Management of antiretroviral-drug resistance in HIV-infected children is a global health concern. We compared the long-term virological outcomes of two cohorts of children living in a rural setting of South Africa. The first cohort initiated treatment before one year and the second after two years of age. The aim of this study was to describe the long-term consequences of early treatment initiation in terms of viral load and drug-resistance.
This retrospective study was conducted at the Edendale Hospital located in a peri-urban area of KwaZulu-Natal. Children were included during their planned appointment. Drug resistance was assessed genotypically on proviral DNA.
From the 161 children included in this study, 93 samples were successfully genotyped. Both cohorts had comparable viral loads, but children treated early more often presented NRTI or NNRTI mutations, while there was no difference for PI mutations rates.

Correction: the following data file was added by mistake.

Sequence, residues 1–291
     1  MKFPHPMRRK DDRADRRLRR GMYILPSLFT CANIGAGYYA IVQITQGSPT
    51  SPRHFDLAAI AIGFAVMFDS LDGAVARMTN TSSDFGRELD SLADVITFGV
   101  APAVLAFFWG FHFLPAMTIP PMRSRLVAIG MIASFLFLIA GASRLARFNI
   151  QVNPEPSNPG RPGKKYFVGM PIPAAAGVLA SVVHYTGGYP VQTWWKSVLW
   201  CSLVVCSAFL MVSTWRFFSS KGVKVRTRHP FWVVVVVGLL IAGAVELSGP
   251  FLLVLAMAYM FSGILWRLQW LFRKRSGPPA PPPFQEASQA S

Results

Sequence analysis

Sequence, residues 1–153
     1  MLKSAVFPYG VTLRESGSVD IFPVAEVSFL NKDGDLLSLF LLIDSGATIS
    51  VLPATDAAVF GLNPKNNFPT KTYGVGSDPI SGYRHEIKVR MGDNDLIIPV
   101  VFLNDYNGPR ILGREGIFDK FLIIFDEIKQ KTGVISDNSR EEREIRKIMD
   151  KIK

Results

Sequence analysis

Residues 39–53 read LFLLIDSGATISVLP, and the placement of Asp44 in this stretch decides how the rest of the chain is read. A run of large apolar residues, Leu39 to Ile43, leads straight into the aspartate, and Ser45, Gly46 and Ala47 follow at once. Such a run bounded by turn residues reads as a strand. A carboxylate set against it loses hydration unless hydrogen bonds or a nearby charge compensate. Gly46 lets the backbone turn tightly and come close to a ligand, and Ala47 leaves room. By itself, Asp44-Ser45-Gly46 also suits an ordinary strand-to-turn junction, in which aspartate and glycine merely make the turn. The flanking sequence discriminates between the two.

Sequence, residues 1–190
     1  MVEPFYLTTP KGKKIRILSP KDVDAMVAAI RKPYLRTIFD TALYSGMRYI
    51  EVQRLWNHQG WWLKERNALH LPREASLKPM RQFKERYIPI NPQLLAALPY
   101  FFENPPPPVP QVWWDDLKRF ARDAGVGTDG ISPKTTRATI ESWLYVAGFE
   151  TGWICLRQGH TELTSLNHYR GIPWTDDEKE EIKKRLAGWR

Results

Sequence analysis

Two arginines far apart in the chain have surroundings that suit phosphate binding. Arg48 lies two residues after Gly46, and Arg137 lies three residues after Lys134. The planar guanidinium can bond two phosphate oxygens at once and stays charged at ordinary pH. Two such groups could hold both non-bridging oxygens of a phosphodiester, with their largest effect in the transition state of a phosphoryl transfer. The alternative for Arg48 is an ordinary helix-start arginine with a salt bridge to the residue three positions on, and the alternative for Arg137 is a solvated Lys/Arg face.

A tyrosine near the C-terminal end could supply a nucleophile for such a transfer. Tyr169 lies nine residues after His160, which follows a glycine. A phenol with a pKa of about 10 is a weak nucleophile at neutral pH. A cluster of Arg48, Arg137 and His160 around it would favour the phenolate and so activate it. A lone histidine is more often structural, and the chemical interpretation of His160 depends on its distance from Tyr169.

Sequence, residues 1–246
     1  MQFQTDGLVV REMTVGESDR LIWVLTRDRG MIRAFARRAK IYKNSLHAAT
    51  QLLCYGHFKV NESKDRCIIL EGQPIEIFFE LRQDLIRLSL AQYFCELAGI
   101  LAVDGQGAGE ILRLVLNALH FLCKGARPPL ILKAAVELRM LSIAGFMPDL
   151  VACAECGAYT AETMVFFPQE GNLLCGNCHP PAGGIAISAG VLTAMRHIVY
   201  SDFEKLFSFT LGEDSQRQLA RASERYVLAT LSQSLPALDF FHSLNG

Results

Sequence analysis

Treatment was highly effective when comparing virological outcomes in both early- and late-treated cohorts. The persistence of NNRTI mutations could lead to treatment failures in children older than 3 years initiating their therapy with a NNRTI, or for those switching from a PI to NNRTI based regimen. The accumulation of NRTI mutations may lead to a functional PI monotherapy and consequently to viral escape. To promote access to HIV genotyping in resource-limited settings is challenging but essential to avoid inappropriate therapy switches in case of virological failure, and to adapt national treatment guidelines in line with the epidemiology of resistance.

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